More information : For a thorough study of the Chester legionary bath house see the 2005 report by David Mason. The Roman Legionary fortress baths at Chester were situated in the area which is now Bridge Street. The exact plan of the complex is not totally clear, because excavation has been necessarily piecemeal and areas are covered by more modern buildings. The positioning of the baths complex within the Roman fortress of Deva would have been on one of the main streets; the Via Praetoria, close to the south gate. It was placed in the first building strip or "scamnum" of this block, which is unusual for Roman planning - the usual Roman procedure would be to place it in the second strip. Constructed of Roman concrete rubble with local stone facings, it measured 86m east-west and 83 metres north-south. It featured the standard elements of a Roman bath-house, with a large heated hall, probably with an indoor pool, a dry heated area like a Scandinavian Sauna, an open-air exercise yard, and a progression of cold to hot baths running north-south in a row-type arrangement. The development and demolition of the bath house can be subdivided into four phases of building and alteration and perhaps three of decay and demolition. Phase I: the initial form of the baths created by 79 AD. Phase II: addition of a new heated room and furnaces between 225 and 250 AD; Phase III: rebuilding of the hypocausts and remodelling of the caldarium (hot baths) in the early 4th century and IV, finally further remodelling of the caldarium and plunge baths circa 370 AD. Phase V: It has been conjectured that after the end of Roman rule, although no longer functioning as a bath house, large portions of the shell of the building would have been standing well into the Early Medieval period, possibly used for storage or domestic use. Phase VI-VII From about 1100 onwards the building was demolished and robbed for its stone to be used in new buildings, the first phase of this activity (Phase VI) may have been planned; the second demolition phase (VII) adhoc and gradual. It is thought that by about 1500 nothing visible remained above ground. The report includes discussion of construction methods and has numerous illustrations. (1)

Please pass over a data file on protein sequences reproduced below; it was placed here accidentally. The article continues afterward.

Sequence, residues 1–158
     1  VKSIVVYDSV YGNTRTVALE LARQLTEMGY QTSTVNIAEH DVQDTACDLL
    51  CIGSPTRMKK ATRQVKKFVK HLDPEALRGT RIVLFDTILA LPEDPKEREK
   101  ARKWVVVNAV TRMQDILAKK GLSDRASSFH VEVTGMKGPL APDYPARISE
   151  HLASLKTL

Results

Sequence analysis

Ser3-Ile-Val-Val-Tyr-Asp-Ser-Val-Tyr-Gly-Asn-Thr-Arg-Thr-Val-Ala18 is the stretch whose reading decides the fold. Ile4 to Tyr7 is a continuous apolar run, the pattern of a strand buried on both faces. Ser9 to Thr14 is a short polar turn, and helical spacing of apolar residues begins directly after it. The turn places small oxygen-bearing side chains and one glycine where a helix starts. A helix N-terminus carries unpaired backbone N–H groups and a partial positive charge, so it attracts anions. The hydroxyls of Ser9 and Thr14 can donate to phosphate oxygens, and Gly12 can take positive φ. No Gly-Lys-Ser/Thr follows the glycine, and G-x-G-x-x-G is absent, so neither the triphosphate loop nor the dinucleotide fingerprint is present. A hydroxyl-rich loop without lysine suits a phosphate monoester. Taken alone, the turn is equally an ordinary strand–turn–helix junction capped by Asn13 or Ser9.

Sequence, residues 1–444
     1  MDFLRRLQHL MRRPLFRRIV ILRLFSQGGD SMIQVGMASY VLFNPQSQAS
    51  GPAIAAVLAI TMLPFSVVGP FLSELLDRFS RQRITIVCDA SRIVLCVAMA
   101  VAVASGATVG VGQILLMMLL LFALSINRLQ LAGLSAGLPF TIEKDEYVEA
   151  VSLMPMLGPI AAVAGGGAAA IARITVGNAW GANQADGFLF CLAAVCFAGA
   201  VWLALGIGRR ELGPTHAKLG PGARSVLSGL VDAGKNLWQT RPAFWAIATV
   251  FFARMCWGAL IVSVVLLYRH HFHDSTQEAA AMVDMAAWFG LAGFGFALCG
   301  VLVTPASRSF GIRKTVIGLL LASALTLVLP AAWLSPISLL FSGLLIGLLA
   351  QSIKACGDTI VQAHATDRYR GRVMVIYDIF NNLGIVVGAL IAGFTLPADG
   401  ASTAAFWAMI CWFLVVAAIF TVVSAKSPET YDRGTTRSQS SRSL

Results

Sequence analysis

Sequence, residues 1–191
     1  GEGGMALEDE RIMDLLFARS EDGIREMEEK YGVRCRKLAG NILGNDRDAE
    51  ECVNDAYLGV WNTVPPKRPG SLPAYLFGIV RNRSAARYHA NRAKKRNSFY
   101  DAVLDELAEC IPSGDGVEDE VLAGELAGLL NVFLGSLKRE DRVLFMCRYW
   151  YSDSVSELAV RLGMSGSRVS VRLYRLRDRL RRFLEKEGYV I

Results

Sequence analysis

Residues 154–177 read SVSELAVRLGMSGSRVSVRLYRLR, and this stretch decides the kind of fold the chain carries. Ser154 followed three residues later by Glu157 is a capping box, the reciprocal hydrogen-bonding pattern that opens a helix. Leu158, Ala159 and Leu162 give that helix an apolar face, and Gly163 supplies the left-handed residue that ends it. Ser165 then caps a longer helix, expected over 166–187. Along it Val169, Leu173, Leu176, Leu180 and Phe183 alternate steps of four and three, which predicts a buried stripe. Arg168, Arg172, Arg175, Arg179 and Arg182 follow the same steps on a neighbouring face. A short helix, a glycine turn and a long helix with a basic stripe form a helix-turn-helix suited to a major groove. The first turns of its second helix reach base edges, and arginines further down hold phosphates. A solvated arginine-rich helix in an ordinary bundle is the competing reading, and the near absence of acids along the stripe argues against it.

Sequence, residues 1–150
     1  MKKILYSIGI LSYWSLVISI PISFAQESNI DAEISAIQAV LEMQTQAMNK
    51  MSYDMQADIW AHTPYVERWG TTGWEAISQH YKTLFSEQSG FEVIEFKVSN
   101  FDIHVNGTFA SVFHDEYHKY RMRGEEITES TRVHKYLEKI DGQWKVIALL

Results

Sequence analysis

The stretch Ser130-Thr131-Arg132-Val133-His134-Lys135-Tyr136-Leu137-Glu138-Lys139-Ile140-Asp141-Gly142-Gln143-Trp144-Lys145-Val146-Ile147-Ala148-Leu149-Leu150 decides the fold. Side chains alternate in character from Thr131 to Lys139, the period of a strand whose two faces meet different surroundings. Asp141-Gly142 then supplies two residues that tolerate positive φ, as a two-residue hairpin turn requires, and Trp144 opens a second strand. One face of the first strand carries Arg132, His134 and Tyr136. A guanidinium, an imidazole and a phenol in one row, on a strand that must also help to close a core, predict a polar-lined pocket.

A Brief summary with reconstruction drawing can be found in the English Heritage book on Chester. (2)

A longer summary about legionary baths (3).

Sources :
Source Number : 1
Source : Excavations at Chester: The Roman fortress baths excavation and recording 1732-1998.
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Source Number : 2
Source : English Heritage book of Chester
Source details :
Page(s) : 34
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Source Number : 3
Source : Roman Chester: city of the eagles
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Page(s) : 66-73
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Monument Types:
Monument Period Name : Roman
Display Date : Altered 225-250 AD
Monument End Date : 250
Monument Start Date : 225
Monument Type : Bath House
Evidence : Sub Surface Deposit
Monument Period Name : Roman
Display Date : Altered early C4 AD
Monument End Date : 332
Monument Start Date : 301
Monument Type : Bath House
Evidence : Sub Surface Deposit
Monument Period Name : Roman
Display Date : Altered c370 AD
Monument End Date : 380
Monument Start Date : 360
Monument Type : Bath House
Evidence : Sub Surface Deposit
Monument Period Name : Roman
Display Date : Completed 79 AD
Monument End Date : 79
Monument Start Date : 79
Monument Type : Bath House
Evidence : Sub Surface Deposit
Monument Period Name : Early Medieval
Display Date : Conjectural Post Roman use
Monument End Date : 1066
Monument Start Date : 410
Monument Type : Storehouse, House
Evidence : Conjectural Evidence
Monument Period Name : Medieval
Display Date : Demolition from 1100 onward
Monument End Date : 1500
Monument Start Date : 1100
Monument Type : Bath House
Evidence : Conjectural Evidence

Components and Objects:
Related Records from other datasets:
External Cross Reference Source : National Monuments Record Number
External Cross Reference Number : SJ 46 NW 379
External Cross Reference Notes :

Related Warden Records :
Associated Monuments : 545419
Relationship type : General association

Related Activities :